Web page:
Getting Started with PHP the Easy Way Pt4 – OOP Pt2 and Beyond

Getting Started With PHP the Easy Way

Table of Contents

PHP is one of the most widely used programming languages, with large community of dedicated developers and rich ecosystem of frameworks. If that is not enough, the incredibly popular WordPress platform and CMS is based on it. This makes PHP a very good language to learn. So, give it a try. Learn all you need to become a PHP programmer. This series will help you with that.

Getting Started with PHP the Easy Way Part 1 (Variables & Data types).

Getting Started with PHP the Easy Way Part 2 (Control Flow).

Getting Started with PHP the Easy Way Part 3 (OOP Pt1).

PHP, OOP and classes pt2

In the previous part, you’ve learned a lot about OOP in PHP and classes. You learned about class instances the $this keyword, inheritance and visibility. However, this is not all. There is still a lot PHP has to offer. So, let’s take a look at what you can learn about OOP in PHP.

Class Constructor

Let’s say that you need some code to be executed automatically whenever you instantiate a new object. PHP Constructor method __construct() is exactly what you are looking for. When you include this method in one of your classes it will be automatically called whenever you use that class to create an instance of a new object, when new object is instantiated.

Thanks to this feature __construct() method is often used by PHP developers for initialization of anything the object may need before it can be used. Another feature of this constructor method is that it also supports parameters. So, if some parameters are necessary, you can include them in __construct(). This will allow the object to accept values when it is created.

There is one thing you have to remember. You can’t write multiple __construct() methods, with different numbers of parameters. When you want some object to behave differently, for example based on parameters, you have to handle this logic inside the same __construct() method.

Let’s take a look at simple example. You will create a new class called “Person”. This person will contain some public properties and the constructor __construct() method. The __construct() method will accept those properties as parameters initialize them and output a simple message. Then, you will use that class to instantiate new object called “$jack”. As you will see, the message specified __construct() method will immediately appear.

  // Basic example of __construct() method
  class someClass {
    public function __construct() {
      // your code that should be initialized before new object is created

  // Person class example
  class Person {
    public $age;
    public $name;

    public function __construct($name, $age) {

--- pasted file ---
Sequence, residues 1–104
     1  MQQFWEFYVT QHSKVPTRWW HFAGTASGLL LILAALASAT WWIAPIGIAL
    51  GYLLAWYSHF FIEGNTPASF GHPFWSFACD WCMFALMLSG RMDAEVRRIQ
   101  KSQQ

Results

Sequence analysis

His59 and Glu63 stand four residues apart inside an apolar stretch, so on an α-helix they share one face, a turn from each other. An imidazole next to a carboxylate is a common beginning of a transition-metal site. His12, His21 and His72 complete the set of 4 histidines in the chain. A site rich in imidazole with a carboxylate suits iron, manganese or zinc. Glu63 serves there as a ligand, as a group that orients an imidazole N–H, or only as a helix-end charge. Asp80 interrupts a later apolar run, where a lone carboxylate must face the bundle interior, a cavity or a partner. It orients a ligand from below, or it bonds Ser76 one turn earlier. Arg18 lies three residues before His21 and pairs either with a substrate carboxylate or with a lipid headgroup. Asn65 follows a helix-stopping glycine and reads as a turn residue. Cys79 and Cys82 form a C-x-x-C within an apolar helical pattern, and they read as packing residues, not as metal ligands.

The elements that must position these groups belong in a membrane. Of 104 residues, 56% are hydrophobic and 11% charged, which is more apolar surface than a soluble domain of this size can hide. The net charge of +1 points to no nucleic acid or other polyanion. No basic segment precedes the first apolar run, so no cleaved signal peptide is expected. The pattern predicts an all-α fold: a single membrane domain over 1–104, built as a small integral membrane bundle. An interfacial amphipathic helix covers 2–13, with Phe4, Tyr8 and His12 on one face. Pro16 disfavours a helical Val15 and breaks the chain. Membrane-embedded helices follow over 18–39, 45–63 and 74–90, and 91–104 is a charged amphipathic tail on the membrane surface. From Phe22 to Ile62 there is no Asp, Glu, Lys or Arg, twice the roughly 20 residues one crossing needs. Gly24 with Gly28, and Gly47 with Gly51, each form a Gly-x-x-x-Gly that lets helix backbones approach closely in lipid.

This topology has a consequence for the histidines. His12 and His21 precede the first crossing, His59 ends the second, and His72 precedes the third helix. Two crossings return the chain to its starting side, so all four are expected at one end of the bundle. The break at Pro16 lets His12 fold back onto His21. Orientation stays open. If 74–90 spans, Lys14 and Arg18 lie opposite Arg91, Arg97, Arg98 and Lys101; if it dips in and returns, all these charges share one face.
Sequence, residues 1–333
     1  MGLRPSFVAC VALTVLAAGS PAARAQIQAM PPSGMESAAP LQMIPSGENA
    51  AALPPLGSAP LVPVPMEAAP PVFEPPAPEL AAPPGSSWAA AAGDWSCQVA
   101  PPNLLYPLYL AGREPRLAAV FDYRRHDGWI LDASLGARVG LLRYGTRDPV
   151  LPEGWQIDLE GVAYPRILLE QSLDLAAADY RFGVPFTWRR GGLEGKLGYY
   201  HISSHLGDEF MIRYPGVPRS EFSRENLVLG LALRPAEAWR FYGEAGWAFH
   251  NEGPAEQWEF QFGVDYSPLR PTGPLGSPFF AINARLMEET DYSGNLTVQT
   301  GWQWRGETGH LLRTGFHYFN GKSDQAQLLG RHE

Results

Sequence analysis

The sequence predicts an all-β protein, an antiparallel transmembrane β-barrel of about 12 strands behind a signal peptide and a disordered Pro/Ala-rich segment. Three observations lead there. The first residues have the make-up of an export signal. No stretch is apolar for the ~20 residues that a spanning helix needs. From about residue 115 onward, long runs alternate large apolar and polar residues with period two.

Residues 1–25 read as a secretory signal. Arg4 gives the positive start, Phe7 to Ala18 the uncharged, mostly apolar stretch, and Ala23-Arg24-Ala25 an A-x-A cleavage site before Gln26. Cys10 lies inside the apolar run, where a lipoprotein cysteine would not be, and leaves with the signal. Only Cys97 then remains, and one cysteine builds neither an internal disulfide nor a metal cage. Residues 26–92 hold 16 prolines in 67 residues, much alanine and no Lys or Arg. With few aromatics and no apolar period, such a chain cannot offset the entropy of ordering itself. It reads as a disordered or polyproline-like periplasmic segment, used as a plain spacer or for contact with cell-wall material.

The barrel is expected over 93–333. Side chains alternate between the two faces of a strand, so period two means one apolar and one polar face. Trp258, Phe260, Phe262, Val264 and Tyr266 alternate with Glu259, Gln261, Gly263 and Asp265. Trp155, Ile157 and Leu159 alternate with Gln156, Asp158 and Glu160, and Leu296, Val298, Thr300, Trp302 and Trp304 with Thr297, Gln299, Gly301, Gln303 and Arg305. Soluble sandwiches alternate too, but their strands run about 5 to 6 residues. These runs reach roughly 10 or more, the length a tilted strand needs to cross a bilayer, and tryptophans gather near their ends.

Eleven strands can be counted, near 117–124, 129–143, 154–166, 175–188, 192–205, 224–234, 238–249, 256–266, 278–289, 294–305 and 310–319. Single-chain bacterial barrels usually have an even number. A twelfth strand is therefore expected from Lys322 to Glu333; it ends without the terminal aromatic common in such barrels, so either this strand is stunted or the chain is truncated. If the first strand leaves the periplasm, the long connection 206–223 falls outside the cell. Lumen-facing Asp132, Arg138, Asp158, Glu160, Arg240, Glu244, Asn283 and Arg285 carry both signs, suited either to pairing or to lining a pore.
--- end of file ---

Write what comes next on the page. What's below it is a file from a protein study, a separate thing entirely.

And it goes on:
$this->age = $age;
      $this->name = $name;

      echo "New instance of Person class has been created";

  $jack = new Person("Jack", 21);// New instance of Person class has been created

Class destructor

Aside to class constructor, there is also a class destructor. This is a destructor method __destruct(). This method is called automatically when an object is destroyed. You can also trigger the destructor method explicitly. To do that you can use unset() function. For example, unset($jack);. A good use for destructors is performing certain tasks when the object finishes its lifecycle, such as release resources, write log files, close a database connection, etc.

  // Basic example of __destruct() method
  class someClass {
    public function __destruct() {
      // your code that should be initialized before new object is destroyed

  // Person class example
  class Person {
    public function __destruct() {
      echo "Instance of Person class has been destroyed";

  $jack = new Person("Jack", 21);// Instance of Person class has been destroyed

  // Or

Abstract classes

Next thing PHP has to offer is something called abstract classes. What is the difference? The difference between “regular” and abstract class is that abstract class can be inherited, but it can’t be instantiated. It can also contain abstract methods. These are methods without any actual code in it. You use only the abstract keyword, method name and the parameters.

From this point of view, abstract class looks very similar to class interface. The reason you may use abstract class is that you want to create something like a template. Then, other classes can use this “template”, or inherit it. This will basically force those classes to implement the abstract methods you declared inside the abstract class.

There are two important things related to methods declared inside abstract to remember. First, when a class inherits from an abstract class it has to implement all its abstract methods. Second, abstract methods can be used only in abstract classes.

  abstract class Dog {
    private $age;

    abstract public function bark();

  class Bulldog extends Dog {
    public function bark() {
      echo "Woof";

  $sammy = new Bulldog();

  $sammy->bark(); // Woof

The static keyword